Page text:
A two-player card game contributed by Julius the Jules .
One standard 52-card deck is used. Each player, at their turn, turns up the top card of the deck, and then turns over further cards from the deck with the aim of matching it.
- Bank - the face-down deck from which cards are drawn.
- Cart - the face-up card which the current player turns up and may try to 'buy'.
- Stack - the face-up pile onto which the current player flips cards to buy the card in the Cart.
- Bill - the cards in the Stack.
- Bill Pile - the pile of cards won by each player, made up of cards obtained during the game from the Stack and the Cart
Objective: To be the player who captures the most Bills.
Preparation: One player shuffles the deck and stacks it face down to form the Bank. Decide by any convenient method who will play first.
Play: To begin their turn a player first flips the top card of the Bank and places it face up beside the Bank. This is the Cart, and the player may attempt to buy the card in the Cart by flipping cards from the Bank face up onto the Stack. The maximum number of cards that can be flipped onto the Stack is determined by the card in the Cart as follows:
|Card in Cart||Maximum number of cards in Stack|
|Ace:||one card only|
|2-10:||up to the face value of the card in the Cart|
|Jack, Queen, King:||up to ten cards|
If the player flips a card onto the Stack that is equal in rank to the card in the Cart, the player immediately buys the Cart card. The Cart card and all the cards in the Stack are placed face down in the player's Bill Pile. Note that 10's Jacks, Queens and Kings don't match each other for the purpose of buying, even though they all allow up to 10 cards to be flipped. To buy a Jack you need to flip another Jack, not a Ten, Queen or King.
If the player flips the maximum allowed number of cards or the Bank runs out of cards and the player has not matched the card in the Cart, the Cart card goes to the opponent's Bill Pile along with all the cards in the Stack.
Also, if a player decides they do not want to buy the card in the Cart, they can forfeit it and the Cart card and any cards already placed in the Stack go to the opponent's Bill Pile. A player may decide on seeing the Cart card that they do not want to try to buy it and forfeit it immediately, in which case there is nothing in the Stack and it is just the Cart that card goes to the opponent's Bill Pile.
After a player has bought the Cart card or failed to buy it or forfeited it, it is the other player's turn to flip a card into the Cart which they may try to buy in the same way.
When the Bank runs out of cards, each player counts the number of cards in their Bill Pile and the player with more cards is the winner, known as the Gossiper.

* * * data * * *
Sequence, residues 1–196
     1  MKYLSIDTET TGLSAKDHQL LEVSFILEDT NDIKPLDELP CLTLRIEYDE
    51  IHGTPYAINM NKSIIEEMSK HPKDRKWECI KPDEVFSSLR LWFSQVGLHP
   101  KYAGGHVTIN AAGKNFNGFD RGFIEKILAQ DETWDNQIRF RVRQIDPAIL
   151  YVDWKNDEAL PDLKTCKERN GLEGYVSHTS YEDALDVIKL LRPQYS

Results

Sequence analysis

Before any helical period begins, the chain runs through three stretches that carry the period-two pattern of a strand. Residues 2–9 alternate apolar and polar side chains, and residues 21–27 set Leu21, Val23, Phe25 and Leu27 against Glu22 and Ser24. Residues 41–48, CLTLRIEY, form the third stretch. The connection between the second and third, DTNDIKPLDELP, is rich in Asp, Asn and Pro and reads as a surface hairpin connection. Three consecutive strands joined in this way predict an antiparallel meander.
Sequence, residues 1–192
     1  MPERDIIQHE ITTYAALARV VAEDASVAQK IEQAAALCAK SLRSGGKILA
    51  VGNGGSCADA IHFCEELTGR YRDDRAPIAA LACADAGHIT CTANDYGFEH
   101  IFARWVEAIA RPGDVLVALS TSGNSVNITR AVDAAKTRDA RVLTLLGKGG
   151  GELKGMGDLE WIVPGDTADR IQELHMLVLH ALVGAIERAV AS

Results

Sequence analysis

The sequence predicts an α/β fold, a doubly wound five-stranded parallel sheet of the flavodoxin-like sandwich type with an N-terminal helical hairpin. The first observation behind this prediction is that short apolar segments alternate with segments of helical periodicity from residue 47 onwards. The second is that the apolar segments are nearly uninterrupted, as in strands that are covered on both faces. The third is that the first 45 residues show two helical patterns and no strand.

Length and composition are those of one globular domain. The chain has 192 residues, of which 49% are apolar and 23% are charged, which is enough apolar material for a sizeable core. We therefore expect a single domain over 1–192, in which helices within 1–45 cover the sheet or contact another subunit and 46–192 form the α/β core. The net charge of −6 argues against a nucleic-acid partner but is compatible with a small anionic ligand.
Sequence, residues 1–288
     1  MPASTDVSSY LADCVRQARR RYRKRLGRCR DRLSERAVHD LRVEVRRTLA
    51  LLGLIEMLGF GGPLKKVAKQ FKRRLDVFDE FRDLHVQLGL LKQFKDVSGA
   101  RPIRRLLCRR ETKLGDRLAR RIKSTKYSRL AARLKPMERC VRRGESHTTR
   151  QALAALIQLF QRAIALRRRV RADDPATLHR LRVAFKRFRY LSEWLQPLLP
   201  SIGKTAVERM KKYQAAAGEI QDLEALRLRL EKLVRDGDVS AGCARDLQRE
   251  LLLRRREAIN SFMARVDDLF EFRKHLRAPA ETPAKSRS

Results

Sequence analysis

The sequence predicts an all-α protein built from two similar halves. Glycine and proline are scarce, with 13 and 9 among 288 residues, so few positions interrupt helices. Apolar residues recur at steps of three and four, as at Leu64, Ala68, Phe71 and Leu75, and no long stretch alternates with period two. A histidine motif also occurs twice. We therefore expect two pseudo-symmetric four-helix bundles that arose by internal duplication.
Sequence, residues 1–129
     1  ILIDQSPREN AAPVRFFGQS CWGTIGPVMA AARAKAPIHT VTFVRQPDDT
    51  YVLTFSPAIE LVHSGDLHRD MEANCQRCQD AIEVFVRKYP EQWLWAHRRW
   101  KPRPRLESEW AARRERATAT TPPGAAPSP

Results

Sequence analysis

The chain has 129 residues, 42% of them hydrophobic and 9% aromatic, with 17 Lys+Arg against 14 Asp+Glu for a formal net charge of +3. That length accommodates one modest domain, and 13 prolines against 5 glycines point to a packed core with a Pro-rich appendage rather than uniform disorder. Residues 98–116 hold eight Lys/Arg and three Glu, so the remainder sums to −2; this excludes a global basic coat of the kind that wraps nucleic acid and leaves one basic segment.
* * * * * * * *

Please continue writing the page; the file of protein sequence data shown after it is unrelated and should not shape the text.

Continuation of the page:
Notes on Tactics [by the editor]
- The only decision in this game is whether to try to buy the card in the Cart or give it to your opponent. It is best to make this decision as soon as you see your Cart card. Flipping a few cards and then giving up is always a mistake - if you are not prepared to go all the way, give up at once so that your opponent only scores one card in their Bill pile.
- This is largely a game of memory. To estimate whether it is worth trying to buy a Cart card you need to know how many matching cards are left in the deck. Therefore you need to keep count of how many cards of each rank have already gone - especially the higher cards which are more attractive to buy.
- At the start of a game it is not worth trying to buy any cards. Even if the first card is a 10-value card, say a Queen, you have only about an even chance of flipping a second Queen within the ten cards you are allowed. If you succeed, you win on average 6 or 7 cards including the Queen, while if you fail your opponent gets 11 cards. It's better just to give the Queen to your opponent. As the game goes on the odds of buying a previously unseen card gradually improve. After you have seen 10 or more cards, if you get a 10-value card in your Cart - say a Jack - and this is the first Jack that has appeared - then there are three Jacks left in the Bank and the odds are just about good enough to make it worth trying to buy the Cart.
- The decision whether to buy or not is also influenced by the state of the Bill Piles. If you have more cards in your Bill Pile than your opponent it's not worth straining to buy a marginal card. If neither of you buys anying for the rest of the game and you just keep giving away your Cart cards you will keep your lead and win. So unless you have a really attractive Cart, just throw the card to your opponent and keep the pressure on them to make a purchase, hopefully an unwise one.